Muslims believe in Adam as the first man, as the first Muslim, and as the first Prophet of Allah. The Hadith ( traditions and sayings of the Prophet Muhammad ( SAL) such as Shahih ul Bukhari and Quranic commentaries of Tafsir Baizavi and Tafsir Khazin have stated that Adam descended in Serendib,Sri Lanka, upon a mountain called “ Nood”.
References to the sacred mountain Adam’s Peak are many.
Sir W. Ousely, in his TRAVELS quoting from a Persian manuscript called Berhan Kattea” stated that Serendib is the name of a celebrated mountain where Adam descended from paradise”.
However, one of the most famous Arab travelers to Adam’s Peak is Ibn Batuta, from Morocco.He visited Adam’s Peak in 1344 AD. In his writing Ibn Batuta speaks of many famous Muslim shrines on the way to Adam’s Peak. He also mentions” A Muslim ascetic who had lived on the road to the peak at a point in those days which was a recognized halting place for pilgrims and wayfarers. According to Van Sanden in his book
Sonahar, this Muslim shrine is said to have been sanctified by one Khader or Khidr through his visit.
A map showing Ibn Batuta’s route to Adam’s Peak made in 1344 AD including the Kuragala route, is reproduced courtesy of Denis Fernando in Aboosally’s book.
This was the reason why the early Arabs and Muslims made the hard and arduous journey to Adam’s Peak and why it is probable that Qutub Mohyiuddin visited Dafther Jailany-one of the established routes to Adam’s Peak through Kuragala.
Following extensive research in Tamilnadu, Susan Schoemburg, research scholar at Harvard University,UK, had told Aboosally that it is believed that Saint Qutub Mohyiuddin spent 40 days in meditation in Kilakarai, South India, after his visit to Adma’s Peak and Daftar Jailany in Sri Lanka
It is probable that his visit to the historic rock cave of Dafther Jailany in Kuragala coincided with his visit to Indian subcontinent.
Stories had endured for centuries how he had sought asylum for meditation on the ledge at Kuragala ,after a pilgrimage to Adam’s Peak.
Kuragla and Hituwangala are two rock formations at the edge of the Balangoda plateau .They are commonly called as Dafther Jailany, a mountain retreat on the ancient road from Galle to Ratnapura and Adam’s Peak. Rock carvings, Arabic inscriptions, writings, tombstones and legends lead us to believe that Qutub Muhyiuddin had spent a part of his meditation at Jailany-Kuragala.
A detailed account of his visit is also given in the book Shathura Shankaram which stated that he came first to Adam’s Peak to pay his respect to Adam and then travelled to Dafther Jailany where he spent 12 years fasting and meditation.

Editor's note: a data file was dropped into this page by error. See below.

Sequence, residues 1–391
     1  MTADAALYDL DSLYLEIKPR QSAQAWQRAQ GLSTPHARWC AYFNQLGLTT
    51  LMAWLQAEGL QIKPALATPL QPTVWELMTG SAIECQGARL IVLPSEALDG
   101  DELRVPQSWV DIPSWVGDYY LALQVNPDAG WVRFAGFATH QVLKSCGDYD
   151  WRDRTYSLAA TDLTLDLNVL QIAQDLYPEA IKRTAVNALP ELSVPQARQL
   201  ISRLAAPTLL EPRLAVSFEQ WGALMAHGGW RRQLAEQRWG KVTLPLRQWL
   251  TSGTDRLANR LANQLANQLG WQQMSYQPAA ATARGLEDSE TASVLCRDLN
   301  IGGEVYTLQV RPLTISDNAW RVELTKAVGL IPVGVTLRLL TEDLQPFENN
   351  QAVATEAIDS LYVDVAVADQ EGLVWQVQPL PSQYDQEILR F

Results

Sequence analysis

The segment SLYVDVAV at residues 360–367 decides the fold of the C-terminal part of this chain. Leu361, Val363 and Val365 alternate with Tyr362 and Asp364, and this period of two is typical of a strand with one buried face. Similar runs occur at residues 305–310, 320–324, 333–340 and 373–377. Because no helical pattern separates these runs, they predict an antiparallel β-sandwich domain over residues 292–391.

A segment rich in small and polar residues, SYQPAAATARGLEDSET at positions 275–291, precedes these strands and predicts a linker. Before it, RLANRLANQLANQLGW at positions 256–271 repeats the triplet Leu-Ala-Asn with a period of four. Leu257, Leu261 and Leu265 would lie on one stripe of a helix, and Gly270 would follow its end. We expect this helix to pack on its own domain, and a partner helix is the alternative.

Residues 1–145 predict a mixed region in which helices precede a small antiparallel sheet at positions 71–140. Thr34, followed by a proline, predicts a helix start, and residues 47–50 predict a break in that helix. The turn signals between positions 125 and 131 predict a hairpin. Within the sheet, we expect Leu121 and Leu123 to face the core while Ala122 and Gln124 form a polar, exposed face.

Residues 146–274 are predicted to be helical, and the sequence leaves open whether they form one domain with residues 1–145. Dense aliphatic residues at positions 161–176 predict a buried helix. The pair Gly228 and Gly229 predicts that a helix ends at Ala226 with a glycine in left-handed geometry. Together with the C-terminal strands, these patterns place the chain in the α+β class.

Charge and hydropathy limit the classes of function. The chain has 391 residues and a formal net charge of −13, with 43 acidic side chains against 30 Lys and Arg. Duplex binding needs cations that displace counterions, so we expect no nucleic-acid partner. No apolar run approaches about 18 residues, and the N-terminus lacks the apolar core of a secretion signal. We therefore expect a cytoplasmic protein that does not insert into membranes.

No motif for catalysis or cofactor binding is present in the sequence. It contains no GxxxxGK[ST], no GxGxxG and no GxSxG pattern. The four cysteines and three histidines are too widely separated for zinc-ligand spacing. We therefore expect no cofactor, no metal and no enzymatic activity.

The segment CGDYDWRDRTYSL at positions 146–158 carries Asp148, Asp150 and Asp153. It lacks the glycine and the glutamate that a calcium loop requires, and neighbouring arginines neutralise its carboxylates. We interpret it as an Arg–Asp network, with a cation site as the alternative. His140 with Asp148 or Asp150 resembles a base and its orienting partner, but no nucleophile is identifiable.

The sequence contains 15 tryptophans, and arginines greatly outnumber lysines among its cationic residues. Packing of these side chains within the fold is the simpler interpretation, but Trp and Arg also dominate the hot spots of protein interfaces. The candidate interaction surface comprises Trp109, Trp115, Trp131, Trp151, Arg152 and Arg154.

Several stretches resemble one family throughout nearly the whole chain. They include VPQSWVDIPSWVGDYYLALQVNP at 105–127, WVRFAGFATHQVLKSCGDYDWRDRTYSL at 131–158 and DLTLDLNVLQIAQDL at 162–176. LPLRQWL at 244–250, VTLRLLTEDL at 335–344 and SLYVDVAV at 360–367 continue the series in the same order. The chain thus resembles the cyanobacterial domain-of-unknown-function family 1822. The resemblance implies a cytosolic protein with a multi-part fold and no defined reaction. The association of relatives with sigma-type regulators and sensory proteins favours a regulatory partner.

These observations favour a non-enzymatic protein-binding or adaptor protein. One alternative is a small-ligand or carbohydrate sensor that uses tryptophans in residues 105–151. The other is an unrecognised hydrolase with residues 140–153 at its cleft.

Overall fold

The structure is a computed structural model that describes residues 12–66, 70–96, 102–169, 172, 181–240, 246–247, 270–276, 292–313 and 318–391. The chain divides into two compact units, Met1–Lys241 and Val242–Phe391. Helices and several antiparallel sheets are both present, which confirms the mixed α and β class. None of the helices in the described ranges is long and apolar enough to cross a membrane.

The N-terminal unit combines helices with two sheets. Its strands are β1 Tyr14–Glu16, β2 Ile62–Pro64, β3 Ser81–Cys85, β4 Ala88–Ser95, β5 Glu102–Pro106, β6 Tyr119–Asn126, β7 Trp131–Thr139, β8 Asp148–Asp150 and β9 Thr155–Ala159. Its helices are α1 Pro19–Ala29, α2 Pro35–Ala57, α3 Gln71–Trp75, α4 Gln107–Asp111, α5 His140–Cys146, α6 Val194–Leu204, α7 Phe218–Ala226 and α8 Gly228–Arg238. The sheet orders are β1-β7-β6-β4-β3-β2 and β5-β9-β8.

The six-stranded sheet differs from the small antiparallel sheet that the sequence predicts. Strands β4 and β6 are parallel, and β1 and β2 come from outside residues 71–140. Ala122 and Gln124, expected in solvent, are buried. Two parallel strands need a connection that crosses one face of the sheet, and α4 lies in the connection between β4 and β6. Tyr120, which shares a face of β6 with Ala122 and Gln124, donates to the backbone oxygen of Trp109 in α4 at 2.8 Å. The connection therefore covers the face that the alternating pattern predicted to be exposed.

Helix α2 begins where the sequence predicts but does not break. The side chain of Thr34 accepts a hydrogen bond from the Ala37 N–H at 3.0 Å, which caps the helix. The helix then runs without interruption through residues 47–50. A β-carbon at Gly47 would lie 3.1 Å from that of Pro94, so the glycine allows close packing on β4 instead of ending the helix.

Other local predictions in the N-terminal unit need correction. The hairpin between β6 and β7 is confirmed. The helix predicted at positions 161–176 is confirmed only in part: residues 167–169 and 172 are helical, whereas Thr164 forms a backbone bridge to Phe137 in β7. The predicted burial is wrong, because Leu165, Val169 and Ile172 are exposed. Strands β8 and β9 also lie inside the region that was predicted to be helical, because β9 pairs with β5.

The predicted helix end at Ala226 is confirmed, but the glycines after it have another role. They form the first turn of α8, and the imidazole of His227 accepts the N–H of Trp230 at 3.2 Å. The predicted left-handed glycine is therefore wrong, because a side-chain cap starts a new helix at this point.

R.N.Thaine, Government Agent.Ratnapura, wrote in his official diary in 1914 that” I understand that this mountain is known to the Mohammadan world as Dastur or Dakma. Qutub Mohyiuddin was seeking the way to Heaven. One day, he placed his hand on the rock which opened. He passed through the aperture. The rock closed and he has never been seen again. Hence the practice of pilgrims imprinting their hand marks on the rock”.
Among the proofs of Qutub Muhiyuddin’s links with Kuragala was the tombstone discovered in 1922 when excavating to build a mosque about ten feet below a mound of earth with the words stating “Disciple of Mohyiuddin” dated 1322 AD. Obviously this is the grave of his follower who had died long before the arrival of Portuguese which ended the lucrative trade of the Arabs and the use of the Kuragala route.
For a tombstone to be engraved in 1322 AD, about 154 years after the death of Qutub Mohyiuddin, there must have been a significant link between Kuragala and the revered saint.
A small mosque was constructed under the Hituwangala rock in 1922.The mosque needed no roof as the rock itself is shaped like a cobra hood and is a shelter from the sun and rain. There are several writings in Arabic and the direction of Kaaba,kibla, shown in the form of a mihrab cut into the rock.
According to Aboosally’s book vested interests started claiming in the 1960s that Kuragala was a place for meditation for Buddhists monks. While not disputing this claim- although no proof can be adduced- the other version held by the Muslims cannot also be disputed. The trade links with the Middle East, the many references to Adam’s Peak and the ancient roadway through Kuragala from the South, Arabic writings and carvings, tombstones, historical facts and the connection between Sri Lanka and the Middle East from early times, vindicate this view”
In fact, maps printed in 1901 and 1928, as well as earlier, refer to Kuragala as” Mohammedan shrine”. However in the one inch to a mile map of Sri Lanka revised after independence this identification had been omitted in 1971.The 1971 version depicts the area only as a Buddhist monastery of the 2nd century BC (the only evidence of which is a board placed by the Archaeological Department in 1972.)